In 2004, the Cabinet created the National Steering Committee on the Prevention and Elimination of Child Labor. The Committee is responsible for developing a comprehensive National Policy to eliminate all forms of child labor, including the designing of a plan of action, reviewing and recommending legislation, implementing government programs and improving inter-organizational coordination. An Inter-Ministerial Coordinating Committee for Children in Need of Special Protection, under the Social Development Ministry, is creating a system to monitor children in need of special protection, analyzing data, developing policy, and promoting cooperation between government ministries, NGOs, and the private sector.[3989] ILO-IPEC works with the Government of Trinidad and Tobago to implement two regional projects to combat the worst forms of children labor.[3990]

The Ministry of Education (MOE) is piloting a School Support Services Program in 2004 to offer counseling, homework assistance, and other support to high risk children. The MOE has also implemented a book loan/grant system for primary and secondary students.[3991]

Existing government child and youth programs also include the Adult Education Program, the Youth Training and Employment Partnership Program, and Youth Development and Apprenticeship Centers. Government programs focus mainly on providing at risk youth with short-term care, remedial education, and vocational training.[3992]


[3968] Government of Trinidad and Tobago, Multiple Indicator Cluster Survey (MICS) 2000 – Trinidad and Tobago, UNICEF, 2000; available from http://www.childinfo.org/MICS2/newreports/trinidad/trinidad.htm. For more information on the definition of working children, please see the section in the front of the report entitled Statistical Definitions of Working Children.

[3969] U.S. Embassy-Port of Spain, unclassified telegram no. 1526, August 2004.

[3970] U.S. Embassy-Port of Spain, unclassified telegram no. 2243, October 2002.

[3971] U.S. Department of State, Country Reports on Human Rights Practices – 2003: Trinidad and Tobago, Washington, D.C., February 25, 2004, Section 6d; available from http://www.state.gov/g/drl/rls/hrrpt/2003/27921.htm.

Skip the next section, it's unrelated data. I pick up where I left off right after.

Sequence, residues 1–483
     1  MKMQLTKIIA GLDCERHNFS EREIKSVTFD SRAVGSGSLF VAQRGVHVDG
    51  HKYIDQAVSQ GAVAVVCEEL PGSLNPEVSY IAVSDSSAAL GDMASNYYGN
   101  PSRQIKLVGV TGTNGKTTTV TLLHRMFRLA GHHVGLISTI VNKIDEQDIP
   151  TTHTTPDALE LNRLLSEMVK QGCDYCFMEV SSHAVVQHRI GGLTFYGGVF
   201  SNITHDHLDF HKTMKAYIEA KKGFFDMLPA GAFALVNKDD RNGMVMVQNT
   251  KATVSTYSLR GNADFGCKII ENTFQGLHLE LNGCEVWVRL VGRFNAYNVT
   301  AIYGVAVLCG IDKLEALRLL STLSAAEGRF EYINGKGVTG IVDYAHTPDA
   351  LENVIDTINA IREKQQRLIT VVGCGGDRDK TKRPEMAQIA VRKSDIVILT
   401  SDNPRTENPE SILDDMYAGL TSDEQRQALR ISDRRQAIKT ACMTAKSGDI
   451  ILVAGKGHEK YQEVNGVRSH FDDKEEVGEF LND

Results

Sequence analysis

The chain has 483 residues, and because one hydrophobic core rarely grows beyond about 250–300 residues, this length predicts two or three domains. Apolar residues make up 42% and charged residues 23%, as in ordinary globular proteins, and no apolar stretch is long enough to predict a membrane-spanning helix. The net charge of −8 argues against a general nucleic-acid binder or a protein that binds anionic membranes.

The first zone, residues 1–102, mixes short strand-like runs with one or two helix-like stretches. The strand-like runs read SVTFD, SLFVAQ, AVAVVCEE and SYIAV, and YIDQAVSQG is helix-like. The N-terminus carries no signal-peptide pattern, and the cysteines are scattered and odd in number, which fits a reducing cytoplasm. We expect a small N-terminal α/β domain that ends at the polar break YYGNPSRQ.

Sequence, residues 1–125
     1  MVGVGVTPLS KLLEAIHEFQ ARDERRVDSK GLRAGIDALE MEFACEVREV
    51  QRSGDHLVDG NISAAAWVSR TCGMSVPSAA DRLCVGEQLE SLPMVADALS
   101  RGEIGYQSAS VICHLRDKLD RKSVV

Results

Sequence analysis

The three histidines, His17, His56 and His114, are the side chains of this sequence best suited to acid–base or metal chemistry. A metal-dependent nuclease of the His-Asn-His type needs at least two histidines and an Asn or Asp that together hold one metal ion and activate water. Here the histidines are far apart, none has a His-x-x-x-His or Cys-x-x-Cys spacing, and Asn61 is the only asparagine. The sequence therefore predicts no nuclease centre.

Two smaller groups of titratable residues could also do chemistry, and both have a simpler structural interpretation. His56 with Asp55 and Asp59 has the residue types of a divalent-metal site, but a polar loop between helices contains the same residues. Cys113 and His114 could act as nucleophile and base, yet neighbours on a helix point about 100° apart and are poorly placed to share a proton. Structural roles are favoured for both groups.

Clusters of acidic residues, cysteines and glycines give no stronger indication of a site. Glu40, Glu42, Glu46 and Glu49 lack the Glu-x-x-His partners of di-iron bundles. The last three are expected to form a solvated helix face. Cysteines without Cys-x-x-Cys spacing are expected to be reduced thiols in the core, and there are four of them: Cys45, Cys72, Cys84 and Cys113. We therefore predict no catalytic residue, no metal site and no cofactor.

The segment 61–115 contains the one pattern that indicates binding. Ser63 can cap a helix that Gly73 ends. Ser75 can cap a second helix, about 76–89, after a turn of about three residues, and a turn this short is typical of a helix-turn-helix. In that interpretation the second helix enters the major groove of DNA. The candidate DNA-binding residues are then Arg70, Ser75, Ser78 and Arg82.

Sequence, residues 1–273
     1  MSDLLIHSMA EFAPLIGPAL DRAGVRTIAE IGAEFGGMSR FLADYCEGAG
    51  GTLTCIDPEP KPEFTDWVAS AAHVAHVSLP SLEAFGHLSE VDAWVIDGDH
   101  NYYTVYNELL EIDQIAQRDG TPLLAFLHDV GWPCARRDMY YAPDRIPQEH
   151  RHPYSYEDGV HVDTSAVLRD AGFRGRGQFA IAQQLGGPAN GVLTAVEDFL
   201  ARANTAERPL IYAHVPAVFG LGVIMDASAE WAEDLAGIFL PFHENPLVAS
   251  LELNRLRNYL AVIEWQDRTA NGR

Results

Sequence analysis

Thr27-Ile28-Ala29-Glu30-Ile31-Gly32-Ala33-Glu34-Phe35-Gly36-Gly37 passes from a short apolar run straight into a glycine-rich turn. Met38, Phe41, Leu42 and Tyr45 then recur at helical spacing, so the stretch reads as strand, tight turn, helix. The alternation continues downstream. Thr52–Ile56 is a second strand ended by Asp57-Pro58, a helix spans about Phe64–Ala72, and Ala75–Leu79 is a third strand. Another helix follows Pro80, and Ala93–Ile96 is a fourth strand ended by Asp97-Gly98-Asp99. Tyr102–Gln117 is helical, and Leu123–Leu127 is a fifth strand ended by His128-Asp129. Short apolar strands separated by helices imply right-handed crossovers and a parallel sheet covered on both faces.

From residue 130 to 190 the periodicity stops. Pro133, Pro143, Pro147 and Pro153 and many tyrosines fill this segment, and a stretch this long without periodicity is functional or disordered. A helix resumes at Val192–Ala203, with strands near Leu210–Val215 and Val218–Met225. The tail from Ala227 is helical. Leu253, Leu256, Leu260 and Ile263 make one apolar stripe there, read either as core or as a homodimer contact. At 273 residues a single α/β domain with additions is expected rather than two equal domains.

[3972] U.S. Embassy-Port of Spain, unclassified telegram no. 1526.

[3973] U.S. Department of State, Country Reports – 2003: Trinidad and Tobago, Section 6d. See also U.S. Embassy-Port of Spain, unclassified telegram no. 1604, September 2001.

[3974] U.S. Embassy-Port of Spain, unclassified telegram no. 1604. See also Dunn, The Situation of Children in the Worst Forms of Child Labor, 18.

[3975] See World Bank, World Development Indicators 2004 [CD-ROM], Washington, D.C., 2004. For a detailed explanation of gross primary enrollment and/or attendance rates that are greater than 100 percent, please see the definitions of gross primary enrollment rate and gross primary attendance rate in the glossary of this report.

[3976] Government of Trinidad and Tobago, MICS 2000.

[3977] The repetition rate for males was slightly higher. See World Bank, World Development Indicators 2004.

[3978] Ibid.

[3979] U.S. Department of State, Country Reports – 2003: Trinidad and Tobago, Section 5.

[3980] Dunn, The Situation of Children in the Worst Forms of Child Labor, 8.

[3981] Ibid., 17, 18. See also U.S. Embassy-Port of Spain, unclassified telegram no. 1526.

[3982] Dunn, The Situation of Children in the Worst Forms of Child Labor, 18. See also U.S. Embassy-Port of Spain, unclassified telegram no. 1604.

[3983] U.S. Department of State, Country Reports – 2003: Trinidad and Tobago, Section 6f.

[3984] Article 17 of the Criminal Code, as cited in The Protection Project, "Trinidad and Tobago," in Human Rights Report on Trafficking of Persons, Especially Women and Children: A Country-by-Country Report on a Contemporary Form of Slavery, March 2002; available from http://209.190.246.239/ver2/cr/tt.pdf.

[3985] Ibid.

[3986] U.S. Department of State, Country Reports – 2003: Trinidad and Tobago, Section 6f.

[3987] U.S. Embassy-Port of Spain, unclassified telegram no. 1604.

[3988] U.S. Embassy-Port of Spain, email communication to USDOL official, May 24, 2005.

[3989] U.S. Embassy-Port of Spain, unclassified telegram no. 1526.

[3990] The projects were funded by the Canadian government in 2002 and 2003. See ILO-IPEC – Geneva official, email communication to USDOL official, May 12, 2004.

[3991] U.S. Embassy-Port of Spain, unclassified telegram no. 1526.

[3992] U.S. Embassy-Port of Spain, email communication. See also U.S. Department of State, Country Reports – 2003: Trinidad and Tobago, Section 6d. See also ILO, The Situation of Children in Landfill Sites and other Worst Forms of Child Labor: A Rapid Assessment, December 2002.